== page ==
The new City Council district lines that will be in place until at least 2022 are all but official.
By a 14-1 margin, the NYC Districting Commission approved the new City Council maps Feb. 6, leaving the assured passage of the lines by the Council itself as the last step before their finalization.
The Council is expected to approve the maps this month and they will go into effect for this year’s elections.
The one dissenting vote came from Queens member Linda Lin of Forest Hills, an attorney and member and former president of the Asian-American Bar Association of New York.
In the new maps, Oakland Gardens and Bayside remain divided, which Asian-American groups, including the Asian American Community Coalition On Redistricting and Democracy tried hard to unite.
AABANY, which Lin headed in 2011, worked with ACCORD on fighting for Asian-American representation in last year’s state and federal redistricting process.
Lin did not respond to a request for comment. Another Asian-American member of the commission, Justin Yu of Manhattan — chairman of the Chinese Chamber of Commerce — voted for the new maps. Yu was appointed to the commission by Mayor Bloomberg, while Lin was an appointee of the City Council Democratic Caucus.
Opposition to the unification of the neighborhoods into one district was led by former state Senator Frank Padavan, another Queens member of the commission. Padavan represented Bayside in Albany for over 30 years and noted at the Districting Commission’s public hearings that Oakland Gardens and Bayside had never been united into one district before.
But ACCORD said the demographics of the neighborhoods have changed, warranting a change in the lines.
And that was not the only part of the maps ACCORD opposed. The group also blasted the lines in Bensonhurst and Sunset Park in Brooklyn and Chinatown in Manhattan because members claim the new districts also divide Asian-American communities there. They did praise the consolidation of the Chinese-American community in Elmhurst, which was united within the 25th District.
Other communities including Woodhaven and North Flushing also took issue with the lines.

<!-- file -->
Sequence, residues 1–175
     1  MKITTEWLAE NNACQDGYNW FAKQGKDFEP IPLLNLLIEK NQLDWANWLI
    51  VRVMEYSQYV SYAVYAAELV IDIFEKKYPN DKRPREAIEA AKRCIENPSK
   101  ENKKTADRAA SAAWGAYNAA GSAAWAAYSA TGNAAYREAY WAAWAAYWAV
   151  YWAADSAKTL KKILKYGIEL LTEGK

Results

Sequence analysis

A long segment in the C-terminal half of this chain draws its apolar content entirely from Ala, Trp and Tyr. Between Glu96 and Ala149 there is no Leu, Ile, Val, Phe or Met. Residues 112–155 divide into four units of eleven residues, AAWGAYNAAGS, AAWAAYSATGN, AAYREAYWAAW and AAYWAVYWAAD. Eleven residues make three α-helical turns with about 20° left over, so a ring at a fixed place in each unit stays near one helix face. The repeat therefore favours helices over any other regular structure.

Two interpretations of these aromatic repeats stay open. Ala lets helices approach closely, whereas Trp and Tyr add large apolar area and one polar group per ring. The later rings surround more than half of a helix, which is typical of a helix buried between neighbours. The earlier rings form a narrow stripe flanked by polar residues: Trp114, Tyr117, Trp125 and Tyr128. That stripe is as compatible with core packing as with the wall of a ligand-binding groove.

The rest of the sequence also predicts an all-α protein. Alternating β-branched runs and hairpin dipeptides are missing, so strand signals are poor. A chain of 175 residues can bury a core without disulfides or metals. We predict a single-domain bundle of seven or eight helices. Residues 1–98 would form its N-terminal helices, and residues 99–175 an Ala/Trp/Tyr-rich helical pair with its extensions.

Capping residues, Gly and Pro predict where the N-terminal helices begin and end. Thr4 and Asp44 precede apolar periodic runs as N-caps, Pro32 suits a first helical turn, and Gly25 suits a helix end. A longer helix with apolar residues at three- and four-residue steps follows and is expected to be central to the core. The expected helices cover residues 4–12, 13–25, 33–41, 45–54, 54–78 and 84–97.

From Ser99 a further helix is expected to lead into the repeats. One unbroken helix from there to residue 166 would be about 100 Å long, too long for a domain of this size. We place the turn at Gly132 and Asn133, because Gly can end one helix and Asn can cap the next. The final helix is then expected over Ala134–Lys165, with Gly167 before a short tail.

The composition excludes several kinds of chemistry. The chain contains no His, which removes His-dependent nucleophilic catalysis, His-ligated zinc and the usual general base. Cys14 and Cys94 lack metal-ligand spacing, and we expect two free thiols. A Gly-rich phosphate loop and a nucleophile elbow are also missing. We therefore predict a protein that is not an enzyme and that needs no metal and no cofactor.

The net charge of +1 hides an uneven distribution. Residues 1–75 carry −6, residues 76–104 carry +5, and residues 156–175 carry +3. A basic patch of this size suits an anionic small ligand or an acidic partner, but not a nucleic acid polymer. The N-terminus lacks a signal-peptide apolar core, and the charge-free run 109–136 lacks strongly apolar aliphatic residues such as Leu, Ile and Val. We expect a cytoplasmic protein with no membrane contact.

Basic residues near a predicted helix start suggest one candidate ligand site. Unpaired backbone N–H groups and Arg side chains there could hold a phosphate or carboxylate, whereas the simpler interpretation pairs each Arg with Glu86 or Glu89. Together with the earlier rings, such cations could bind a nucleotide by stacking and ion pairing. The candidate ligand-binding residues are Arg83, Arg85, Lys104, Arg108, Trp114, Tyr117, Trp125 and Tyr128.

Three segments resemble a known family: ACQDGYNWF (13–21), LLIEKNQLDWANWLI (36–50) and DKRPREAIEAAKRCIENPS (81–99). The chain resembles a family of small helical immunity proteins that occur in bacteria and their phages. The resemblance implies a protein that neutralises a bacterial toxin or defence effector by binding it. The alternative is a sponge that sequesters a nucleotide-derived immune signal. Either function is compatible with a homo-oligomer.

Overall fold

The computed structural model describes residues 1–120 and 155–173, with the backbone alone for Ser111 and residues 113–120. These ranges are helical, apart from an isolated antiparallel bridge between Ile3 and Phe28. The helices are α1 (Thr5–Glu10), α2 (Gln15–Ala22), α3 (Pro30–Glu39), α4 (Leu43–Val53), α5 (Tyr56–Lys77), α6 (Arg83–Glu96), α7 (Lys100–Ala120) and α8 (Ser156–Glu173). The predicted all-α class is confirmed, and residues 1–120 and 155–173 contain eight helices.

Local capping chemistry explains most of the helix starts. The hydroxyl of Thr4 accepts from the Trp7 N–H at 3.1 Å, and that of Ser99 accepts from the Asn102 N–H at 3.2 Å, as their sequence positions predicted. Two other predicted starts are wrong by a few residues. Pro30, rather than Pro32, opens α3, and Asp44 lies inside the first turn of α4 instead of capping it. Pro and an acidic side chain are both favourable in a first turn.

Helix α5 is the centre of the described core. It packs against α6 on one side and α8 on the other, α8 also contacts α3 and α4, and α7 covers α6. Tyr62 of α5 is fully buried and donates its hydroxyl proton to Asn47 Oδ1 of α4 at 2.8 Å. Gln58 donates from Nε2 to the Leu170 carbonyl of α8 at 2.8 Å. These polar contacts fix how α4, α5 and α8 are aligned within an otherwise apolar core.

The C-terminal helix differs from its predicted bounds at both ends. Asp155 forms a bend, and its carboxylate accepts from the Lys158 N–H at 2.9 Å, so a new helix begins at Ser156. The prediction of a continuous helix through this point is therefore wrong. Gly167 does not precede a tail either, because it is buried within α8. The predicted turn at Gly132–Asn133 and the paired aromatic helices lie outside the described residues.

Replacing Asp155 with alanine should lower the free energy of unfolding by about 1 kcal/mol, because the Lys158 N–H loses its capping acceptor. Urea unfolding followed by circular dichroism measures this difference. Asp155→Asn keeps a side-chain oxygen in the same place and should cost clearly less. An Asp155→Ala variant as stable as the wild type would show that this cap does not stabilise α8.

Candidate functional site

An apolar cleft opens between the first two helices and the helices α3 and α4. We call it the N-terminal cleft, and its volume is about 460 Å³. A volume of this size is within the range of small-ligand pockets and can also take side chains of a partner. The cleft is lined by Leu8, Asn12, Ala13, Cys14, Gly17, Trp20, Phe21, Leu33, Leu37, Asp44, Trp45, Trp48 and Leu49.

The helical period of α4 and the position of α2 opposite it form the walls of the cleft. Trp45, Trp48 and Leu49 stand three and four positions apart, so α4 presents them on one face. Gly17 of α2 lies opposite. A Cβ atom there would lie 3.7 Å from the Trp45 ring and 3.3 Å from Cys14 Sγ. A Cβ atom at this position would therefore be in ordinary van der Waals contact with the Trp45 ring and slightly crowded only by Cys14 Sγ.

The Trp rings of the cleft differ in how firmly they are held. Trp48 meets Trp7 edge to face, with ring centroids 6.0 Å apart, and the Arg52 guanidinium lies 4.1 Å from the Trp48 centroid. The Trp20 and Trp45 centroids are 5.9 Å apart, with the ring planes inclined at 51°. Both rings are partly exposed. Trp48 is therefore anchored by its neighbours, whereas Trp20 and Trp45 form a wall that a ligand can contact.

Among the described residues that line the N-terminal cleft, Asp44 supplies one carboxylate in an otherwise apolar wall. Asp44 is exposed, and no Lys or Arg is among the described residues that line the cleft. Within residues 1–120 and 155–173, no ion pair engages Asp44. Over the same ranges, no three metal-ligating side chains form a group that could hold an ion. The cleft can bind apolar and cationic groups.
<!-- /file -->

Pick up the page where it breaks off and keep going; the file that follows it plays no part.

Ed Wendell, president of the Woodhaven Residents’ Block Association, was resigned to the new district boundaries, which split Woodhaven down Forest Parkway and 80th Street, leaving the areas to the west in the 30th District — which includes Maspeth, Middle Village and Glendale on the other side of Forest Park — and the eastern two-thirds in the 32nd District, which includes Howard Beach and the Rockaways.
Wendell said he did not blame the commission members, but said the process in which lines are drawn was to blame.
“It’s disappointing, but not surprising,” he said.
Four civic associations from North Flushing, Whitestone and Auburndale fought for a last-minute change to unite low-density communities surrounding Downtown Flushing into the Bayside-based 19th District, rather than include them in the 20th District, which is centered in Downtown Flushing.
Paul Graziano, an urban planner from North Flushing, said his neighborhood, home to mostly detached one- and two-family private homes should have been placed entirely within the 19th District. Though his home was moved there — it had previously been in the more densely-populated Flushing-based 20th — half of the neighborhood remained out of it.
“I’m happy to be in the 19th,” he said. “But I’m not happy the neighborhood is split up.”
The maps are the third draft drawn by the Districting Commission. The first version was revised after public hearings. Council Speaker Christine Quinn (D-Manhattan) asked the panel to draw a third set of maps because the second draft caused controversy when it appeared to move the home of embattled Assemblyman Vito Lopez (D-Brooklyn) into the Ridgewood-Bushwick-based 34th District, which will lack an incumbent in November’s election. Lopez had hinted he would be interested in running for the seat and may do so anyway.